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Old April 1st, 2004, 11:02 PM   #1
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Help Rrmoving echo with Vegas.

Hi All,
I need help removing echo from an interview shot in a "live"room.
I seem to recall Vegas and/or Sound Forge being able to do this.
Anybody (Spot??) have a step by step for this?
Any help is really appreciated .
Ken
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Old April 1st, 2004, 11:04 PM   #2
 
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What kind of echo? If it's just room ambience, you can use the Acoustic Mirror that comes with Forge. It's a convoluted verb, so you can sample the room echo, and apply it against the original with the phase inverted. It's a decent fix, but not perfect. I often use the multiband EQ to do this too, but it's sort of hard to do a step by step. Almost a novel. :-)
Can you send me a sample of the noise, maybe I can build you a veg file.
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Old April 2nd, 2004, 04:09 AM   #3
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Please see this thread as well. Thank you.
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Old April 2nd, 2004, 05:54 PM   #4
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Thanks Spot,
Where would I email the file to?
Ken
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Old April 3rd, 2004, 02:21 AM   #5
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Sorry to be a nag but an echo is a *complete* repetition of a sound (think Grand Canyon)... A tail to a sound (what you're talking about) is called a reverb. Just thought you should know :)
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Old April 3rd, 2004, 09:06 AM   #6
 
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Well...if we're gonna start tweaking semantics,(wich I hope we're not attempting to do, we all know what ken meant) a reverb is a diffused and multiple repeat of the original signal. during which the closely spaced repeats are at random and individual reflections cannot be distinguished.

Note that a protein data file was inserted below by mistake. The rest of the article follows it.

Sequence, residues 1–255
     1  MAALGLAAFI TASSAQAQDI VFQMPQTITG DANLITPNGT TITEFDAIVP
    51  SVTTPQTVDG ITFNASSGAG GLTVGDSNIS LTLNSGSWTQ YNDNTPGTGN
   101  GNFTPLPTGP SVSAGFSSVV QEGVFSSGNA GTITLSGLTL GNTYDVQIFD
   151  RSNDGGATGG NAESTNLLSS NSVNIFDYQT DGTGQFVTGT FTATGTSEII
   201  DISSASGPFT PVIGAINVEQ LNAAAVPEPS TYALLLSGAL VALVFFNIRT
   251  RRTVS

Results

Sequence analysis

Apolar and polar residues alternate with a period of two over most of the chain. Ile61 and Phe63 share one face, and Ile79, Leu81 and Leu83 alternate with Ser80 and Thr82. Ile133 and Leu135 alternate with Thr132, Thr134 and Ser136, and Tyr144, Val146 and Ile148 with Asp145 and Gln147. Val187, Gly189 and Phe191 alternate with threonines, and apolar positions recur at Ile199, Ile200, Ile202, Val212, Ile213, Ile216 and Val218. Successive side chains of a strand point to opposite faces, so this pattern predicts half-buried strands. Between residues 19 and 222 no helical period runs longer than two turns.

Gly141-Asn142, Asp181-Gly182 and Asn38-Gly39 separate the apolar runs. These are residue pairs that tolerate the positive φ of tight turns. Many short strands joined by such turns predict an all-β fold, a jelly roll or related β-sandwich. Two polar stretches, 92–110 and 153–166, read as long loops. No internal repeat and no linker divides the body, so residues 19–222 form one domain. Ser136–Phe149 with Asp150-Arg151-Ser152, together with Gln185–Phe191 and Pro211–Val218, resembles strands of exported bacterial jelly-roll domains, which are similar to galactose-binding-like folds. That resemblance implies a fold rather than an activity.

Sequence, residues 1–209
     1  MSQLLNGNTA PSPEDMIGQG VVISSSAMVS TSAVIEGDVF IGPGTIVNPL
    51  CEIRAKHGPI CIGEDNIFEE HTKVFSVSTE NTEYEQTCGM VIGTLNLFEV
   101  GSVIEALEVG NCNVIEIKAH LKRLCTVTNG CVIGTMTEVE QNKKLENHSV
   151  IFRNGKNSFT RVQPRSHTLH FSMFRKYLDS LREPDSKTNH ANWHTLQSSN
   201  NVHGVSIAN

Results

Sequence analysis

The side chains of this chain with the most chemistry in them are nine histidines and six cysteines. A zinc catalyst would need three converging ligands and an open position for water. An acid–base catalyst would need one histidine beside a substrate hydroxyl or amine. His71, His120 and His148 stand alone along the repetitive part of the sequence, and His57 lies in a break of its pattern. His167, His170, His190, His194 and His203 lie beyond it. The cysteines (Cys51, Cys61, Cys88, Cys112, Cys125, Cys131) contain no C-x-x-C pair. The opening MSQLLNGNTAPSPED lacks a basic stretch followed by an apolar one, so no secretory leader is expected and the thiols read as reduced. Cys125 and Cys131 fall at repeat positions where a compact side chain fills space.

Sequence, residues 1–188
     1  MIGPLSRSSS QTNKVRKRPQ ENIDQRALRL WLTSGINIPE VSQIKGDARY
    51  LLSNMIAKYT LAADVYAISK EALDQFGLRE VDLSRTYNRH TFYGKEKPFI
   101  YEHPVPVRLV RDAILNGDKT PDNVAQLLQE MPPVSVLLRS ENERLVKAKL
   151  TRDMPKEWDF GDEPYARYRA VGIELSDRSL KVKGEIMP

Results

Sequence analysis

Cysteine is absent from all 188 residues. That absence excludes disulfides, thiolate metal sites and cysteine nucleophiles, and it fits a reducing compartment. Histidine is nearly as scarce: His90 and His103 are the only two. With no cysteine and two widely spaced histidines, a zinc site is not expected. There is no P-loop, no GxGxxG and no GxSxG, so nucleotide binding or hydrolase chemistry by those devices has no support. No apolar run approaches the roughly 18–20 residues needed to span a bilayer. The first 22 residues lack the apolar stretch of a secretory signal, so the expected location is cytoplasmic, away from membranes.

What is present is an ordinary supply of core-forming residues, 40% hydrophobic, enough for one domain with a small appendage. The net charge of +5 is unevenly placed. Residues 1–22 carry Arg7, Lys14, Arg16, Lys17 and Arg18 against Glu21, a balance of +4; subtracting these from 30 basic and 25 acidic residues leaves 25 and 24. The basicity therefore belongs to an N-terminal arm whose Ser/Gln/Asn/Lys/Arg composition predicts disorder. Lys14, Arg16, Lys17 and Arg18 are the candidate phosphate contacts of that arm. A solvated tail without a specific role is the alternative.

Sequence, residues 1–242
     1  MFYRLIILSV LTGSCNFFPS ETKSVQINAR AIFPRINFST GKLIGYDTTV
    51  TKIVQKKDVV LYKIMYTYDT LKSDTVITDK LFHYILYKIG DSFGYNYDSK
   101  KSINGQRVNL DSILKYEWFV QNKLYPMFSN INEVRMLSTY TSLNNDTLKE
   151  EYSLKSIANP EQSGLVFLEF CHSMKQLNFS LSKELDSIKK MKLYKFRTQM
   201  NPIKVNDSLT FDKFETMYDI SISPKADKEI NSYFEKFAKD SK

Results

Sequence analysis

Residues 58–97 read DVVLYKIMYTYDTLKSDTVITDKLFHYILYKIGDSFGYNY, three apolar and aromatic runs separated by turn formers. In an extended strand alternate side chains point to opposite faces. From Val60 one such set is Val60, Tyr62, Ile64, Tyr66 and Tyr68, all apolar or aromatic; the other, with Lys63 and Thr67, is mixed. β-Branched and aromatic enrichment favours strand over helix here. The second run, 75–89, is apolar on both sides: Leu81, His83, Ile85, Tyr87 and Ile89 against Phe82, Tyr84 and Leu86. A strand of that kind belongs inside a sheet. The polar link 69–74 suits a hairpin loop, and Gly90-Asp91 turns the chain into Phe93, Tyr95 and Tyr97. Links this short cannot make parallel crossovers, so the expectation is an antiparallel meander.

An echo, by definition, may be a complete sound return, but also the perception of a non-diffused return of the original sound which may or may not contain the majority of original frequency information in the returned sound.
Therefore, a room or enclosed space may have echo and/or reverb, reverb only, or echo only.


(Syn-Aud-Con/Synergetics Audio Concepts Rules of Theory, 1978)
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Old April 4th, 2004, 03:30 AM   #7
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Sorry Kevin. Im not trying to hijack this thread, it just seems like many people confuse reverb and echo :)

Here's what i've always learned:
Echo: Sound reflections delayed by 35ms or more that are perceived as discrete repetitions of the direct sound

Reverb: Multiple blended, random reflections of a sound wave after the sound source has ceased vibrating

(Audio in Media -6th Edition, Stanley R. Alten - 2002)
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Old April 6th, 2004, 04:42 PM   #8
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What did you record with. How many mics. How many channels. What was your camera/sound setup?
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